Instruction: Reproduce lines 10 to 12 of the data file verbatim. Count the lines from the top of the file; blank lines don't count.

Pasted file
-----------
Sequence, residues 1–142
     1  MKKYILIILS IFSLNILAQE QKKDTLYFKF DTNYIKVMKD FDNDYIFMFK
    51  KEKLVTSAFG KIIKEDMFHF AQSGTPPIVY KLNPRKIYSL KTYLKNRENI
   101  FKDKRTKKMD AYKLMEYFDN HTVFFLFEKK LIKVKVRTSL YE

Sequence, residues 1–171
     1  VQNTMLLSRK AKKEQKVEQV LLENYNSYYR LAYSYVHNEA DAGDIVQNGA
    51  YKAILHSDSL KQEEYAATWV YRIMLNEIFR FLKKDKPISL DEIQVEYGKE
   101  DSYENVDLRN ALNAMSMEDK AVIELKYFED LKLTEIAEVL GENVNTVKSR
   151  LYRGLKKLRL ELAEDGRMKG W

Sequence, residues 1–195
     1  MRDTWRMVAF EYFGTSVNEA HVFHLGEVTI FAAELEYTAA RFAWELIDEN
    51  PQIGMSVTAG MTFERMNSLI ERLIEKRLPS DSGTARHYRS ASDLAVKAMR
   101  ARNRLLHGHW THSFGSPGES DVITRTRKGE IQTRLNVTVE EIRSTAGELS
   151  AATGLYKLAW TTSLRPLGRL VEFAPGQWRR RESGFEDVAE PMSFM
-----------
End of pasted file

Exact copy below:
Sequence, residues 1–195
     1  MRDTWRMVAF EYFGTSVNEA HVFHLGEVTI FAAELEYTAA RFAWELIDEN
    51  PQIGMSVTAG MTFERMNSLI ERLIEKRLPS DSGTARHYRS ASDLAVKAMR